“I only want an answer. Yes, it’s done, or no, because we’re starting to feel more nervous lately,” Pranvera said about waiting without any news. “I live hoping I will get this pension. I’m feeling nervous, terrified and stressed. We talked, gave some testimonies how the crime happened, and if it fails in the end, it would be catastrophic.”
An estimated 20,000 women and men were raped during the war by Serbian police and the Yugoslav army. Before this year, only veterans and civilian victims were eligible to receive government benefits as survivors of wartime rape were not a recognized category by the government.
Wartime rape survivors fear reprisal from their families were they to find out about the rape, and often have to apply for the pension in secret through one of the four authorized NGOs working with survivors, or one of the seven municipality offices from the Ministry of Labor and Social Welfare’s Department for Families of Martyrs, War Invalids and Civilian Victims of the War.
“When I first heard about the pension it was like a never ending happiness for me, but you can see what is happening now,” Pranvera said. She applied at the end of March, and despite reassurances from the NGO that submitted it on her behalf that she is next on the list to receive news, she has still heard nothing.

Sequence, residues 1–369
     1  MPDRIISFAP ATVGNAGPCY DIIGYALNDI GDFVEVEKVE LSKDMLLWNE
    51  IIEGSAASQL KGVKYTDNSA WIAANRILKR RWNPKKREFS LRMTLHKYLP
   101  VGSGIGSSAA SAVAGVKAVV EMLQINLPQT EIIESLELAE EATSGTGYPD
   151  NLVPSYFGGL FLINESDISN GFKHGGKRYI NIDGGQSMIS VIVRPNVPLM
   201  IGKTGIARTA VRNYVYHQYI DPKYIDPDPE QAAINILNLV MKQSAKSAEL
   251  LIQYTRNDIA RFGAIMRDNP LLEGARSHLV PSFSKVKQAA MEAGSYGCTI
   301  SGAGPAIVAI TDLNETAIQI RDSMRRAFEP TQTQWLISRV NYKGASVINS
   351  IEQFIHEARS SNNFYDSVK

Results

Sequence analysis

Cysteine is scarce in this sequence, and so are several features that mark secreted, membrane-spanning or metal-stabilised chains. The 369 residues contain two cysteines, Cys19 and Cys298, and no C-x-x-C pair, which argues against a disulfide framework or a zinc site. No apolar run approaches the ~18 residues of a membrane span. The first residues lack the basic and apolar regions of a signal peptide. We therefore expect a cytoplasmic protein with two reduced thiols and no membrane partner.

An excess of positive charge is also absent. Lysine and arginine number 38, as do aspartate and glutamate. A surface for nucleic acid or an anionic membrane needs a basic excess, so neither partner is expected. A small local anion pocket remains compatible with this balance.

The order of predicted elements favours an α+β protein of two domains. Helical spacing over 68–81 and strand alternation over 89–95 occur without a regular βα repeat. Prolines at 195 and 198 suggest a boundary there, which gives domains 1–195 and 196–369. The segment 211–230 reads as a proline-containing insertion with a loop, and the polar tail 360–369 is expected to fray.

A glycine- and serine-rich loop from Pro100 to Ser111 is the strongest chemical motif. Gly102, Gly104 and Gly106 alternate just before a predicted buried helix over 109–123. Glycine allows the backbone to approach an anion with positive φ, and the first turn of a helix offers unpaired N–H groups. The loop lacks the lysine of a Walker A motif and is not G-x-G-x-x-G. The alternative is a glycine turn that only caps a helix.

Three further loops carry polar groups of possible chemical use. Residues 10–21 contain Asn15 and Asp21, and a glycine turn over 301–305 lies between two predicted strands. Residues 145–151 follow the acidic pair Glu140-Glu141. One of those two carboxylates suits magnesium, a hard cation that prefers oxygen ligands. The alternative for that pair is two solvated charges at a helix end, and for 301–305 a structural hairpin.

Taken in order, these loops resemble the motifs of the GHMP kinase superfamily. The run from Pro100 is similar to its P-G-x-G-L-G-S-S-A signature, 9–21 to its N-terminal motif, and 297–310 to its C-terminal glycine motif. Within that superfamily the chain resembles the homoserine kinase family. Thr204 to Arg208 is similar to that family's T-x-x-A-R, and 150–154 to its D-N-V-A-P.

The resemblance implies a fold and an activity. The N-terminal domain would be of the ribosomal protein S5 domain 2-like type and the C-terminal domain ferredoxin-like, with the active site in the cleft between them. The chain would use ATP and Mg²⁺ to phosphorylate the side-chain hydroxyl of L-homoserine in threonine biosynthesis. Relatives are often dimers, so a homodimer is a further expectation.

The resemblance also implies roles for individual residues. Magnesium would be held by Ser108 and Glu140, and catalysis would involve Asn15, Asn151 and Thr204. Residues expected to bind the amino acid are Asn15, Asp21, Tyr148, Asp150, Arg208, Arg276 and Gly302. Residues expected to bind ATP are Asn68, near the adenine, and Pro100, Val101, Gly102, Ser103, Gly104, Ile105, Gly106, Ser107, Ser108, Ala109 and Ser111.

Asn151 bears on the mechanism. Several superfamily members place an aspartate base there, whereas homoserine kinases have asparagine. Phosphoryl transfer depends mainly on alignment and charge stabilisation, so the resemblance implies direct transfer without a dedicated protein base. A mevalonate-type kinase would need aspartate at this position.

Pranvera is aware of what happened with the war veterans during the last two years when a huge number of “fake veterans” allegedly received pensions, but refuses to believe that this would happen with wartime rape survivors.
She is not alone.
Mimoza is another survivor who has been waiting for more than six months for an answer since submitting her application in April. The survivor, who is in her late 30s now, made a pact with her husband 20 years ago never to tell anyone about the rape.
“I feel so bad waiting. It has been much longer than we thought. We are waiting for 20 years now – how much longer do we have to wait?” she said. “We don’t have support from our families or society. The government did support us a bit but this was delayed a lot. This is so hard for us because our past is being repeated. Even though what we have suffered never goes away, the waiting makes it even harder.”
Since Kosovo’s governmental Commission to Recognize and Verify Survivors of Sexual Violence started receiving applications, close to 800 survivors of sexual violence from the Kosovo war have submitted applications. Only 145 have been accepted and 102 rejected, with hundreds of applications including Pranvera and Mimoza’s still pending.